Another factor: I did a Bible study on worship about 10 years ago. I found that for the most part (aside from some specific gatherings of repentance and mourning), worship in the Bible comes across as celebratory. Here are some notes:

What should be included in worship?
- Shout
- excitement
- with songs, with praise
- singing loudly, and for joy
- thanksgiving, exultation, acknowledgement of God’s greatness
- finding new ways to praise God (evangelization, awe, openly declaring His attributes)
- trembling before His holiness
- with music
- repetition in recitation
- including teaching, fellowship, communion, prayer, baptism
- a knowledge of God and his revelation of himself
- includes instruction
- with new songs, songs that truly lead into worship
- with all available musical styles
- with all available instruments, dancing – joyous celebration
- with everyone participating; each has something to contribute
- using spiritual gifts
- tithing
- Opportunity to share, to encourage
- a variety of the senses, including smell
- public reading of Scripture
- sensitivity to unbelievers who come to the service (seeker-sensitive, but not seeker-oriented)

Texts: Psalm 100, Psalm 95, Psalm 96, Psalm 149:1, Daniel 3:5, Revelation 4, Acts 2:40-47, Psalm 96:1, Psalm 150, Genesis 14, 1 Corinthians 14.1, 26, Hebrews 10.24-25, many texts from Acts, Eph. 5.19; Col. 3.16; Revelation 5.11b-12, Rev. 4.8, 11; Revelation 5.8-10, 12-13; 1 Timothy 4.13, 1 Corinthians 14.22-25

What should be the attitude of worship?

- position self lower, God above
- with humility
- a proper perspective of God, self, and others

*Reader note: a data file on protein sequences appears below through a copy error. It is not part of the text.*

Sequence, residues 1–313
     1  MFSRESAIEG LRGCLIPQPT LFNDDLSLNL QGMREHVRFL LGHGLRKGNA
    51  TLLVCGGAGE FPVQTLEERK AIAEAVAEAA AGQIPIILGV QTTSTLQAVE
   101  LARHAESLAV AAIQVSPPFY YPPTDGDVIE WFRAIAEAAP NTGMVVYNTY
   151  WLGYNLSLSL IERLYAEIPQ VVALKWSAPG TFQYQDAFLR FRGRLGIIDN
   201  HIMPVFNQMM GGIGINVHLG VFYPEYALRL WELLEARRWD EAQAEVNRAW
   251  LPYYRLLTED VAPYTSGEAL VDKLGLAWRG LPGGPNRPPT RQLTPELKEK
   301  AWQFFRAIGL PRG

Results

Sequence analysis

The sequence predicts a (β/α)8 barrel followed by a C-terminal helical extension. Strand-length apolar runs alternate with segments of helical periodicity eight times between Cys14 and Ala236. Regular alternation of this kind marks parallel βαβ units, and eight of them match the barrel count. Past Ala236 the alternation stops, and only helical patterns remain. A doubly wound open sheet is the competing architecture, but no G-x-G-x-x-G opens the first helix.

- with joy and gladness
- with goodness
- with thanks
- without vanity or greed
- with reverence & awe
- in spirit and in truth
- with preparation and planning

Texts: Ex. 10.26; Psalm 100; Psalm 95, Psalm 150, Revelation 4; John 4:23-24, Isaiah 6.1-9

Who should worship?
- Those who are living obedient lives
- Those with right hearts
- Lord dwelling in sanctuary (permanent)
- Everyone
- Believers

Texts: Psalm 15, Isaiah 29, Acts 2:40-47, Psalm 150; Jn. 4.22; Phil. 3.3

What is Worship?
- the business of the heart, not rules from men
- should include message to repent
- Praise the Lord
- Celebration and praise
- Joyous praise with abandon, with lively expectation
- worship involves sacrifice, self-offering, personal involvement
- a response to God
- involves transformation
- a response to God based on life experiences, expressions of faith and recognition of who God is

Texts: Isaiah 6.1-9; Isaiah 29, Psalm 150; Acts 2.40-47, Mark 4.40-41, Luke 5.8, John 20.28

Underlying attitudes of worship:
- Unity found in Christ
- Loyalty lies not in people but in God
- Proper heart or else emptiness
- anger/disputes give foothold to the devil
- with mercy, humility, justice (not rituals)

Texts: I Corinthians 3, Isaiah 29:13, Ephesians 4, Micah 6, Isaiah 1.10-17; Amos 5.21-24

Quality of Worship:
- Strive for creative excellence
- We as sub-creators
- Setting high standards for expressing ultimate truths
- Play skillfully

Texts: I Kings 6, I Chronicles 22, 28:19; Ps. 33.1-3

Why do we worship?
- It is commanded
- It is part of our nature
- To show our commitment (offering/sacrifice)
- Goal – unity of faith, recognition of the Son of God
- For God’s acts of power and His greatness
- because of life experiences and encounters with God

Psalm 29.2, Mt. 4.10, Ephesians 4, Psalm 150; Ps. 92.4; Mk. 4.40-41, Luke 5.8, John 20.28; Isa. 19.21